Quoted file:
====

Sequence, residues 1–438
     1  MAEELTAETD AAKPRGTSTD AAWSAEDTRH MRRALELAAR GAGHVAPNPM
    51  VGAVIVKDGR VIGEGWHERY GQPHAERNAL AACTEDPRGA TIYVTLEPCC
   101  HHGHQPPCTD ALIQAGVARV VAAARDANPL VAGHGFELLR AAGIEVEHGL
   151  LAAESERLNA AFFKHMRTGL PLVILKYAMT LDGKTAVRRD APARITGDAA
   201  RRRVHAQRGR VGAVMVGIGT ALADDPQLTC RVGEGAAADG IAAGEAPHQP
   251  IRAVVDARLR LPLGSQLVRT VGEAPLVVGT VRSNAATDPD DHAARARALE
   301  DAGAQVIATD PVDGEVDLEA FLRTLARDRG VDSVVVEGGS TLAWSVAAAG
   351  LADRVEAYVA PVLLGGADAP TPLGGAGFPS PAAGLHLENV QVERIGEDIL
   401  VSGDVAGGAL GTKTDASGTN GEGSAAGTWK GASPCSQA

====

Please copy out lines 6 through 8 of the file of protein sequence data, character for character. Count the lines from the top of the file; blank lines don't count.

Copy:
   201  RRRVHAQRGR VGAVMVGIGT ALADDPQLTC RVGEGAAADG IAAGEAPHQP
   251  IRAVVDARLR LPLGSQLVRT VGEAPLVVGT VRSNAATDPD DHAARARALE
   301  DAGAQVIATD PVDGEVDLEA FLRTLARDRG VDSVVVEGGS TLAWSVAAAG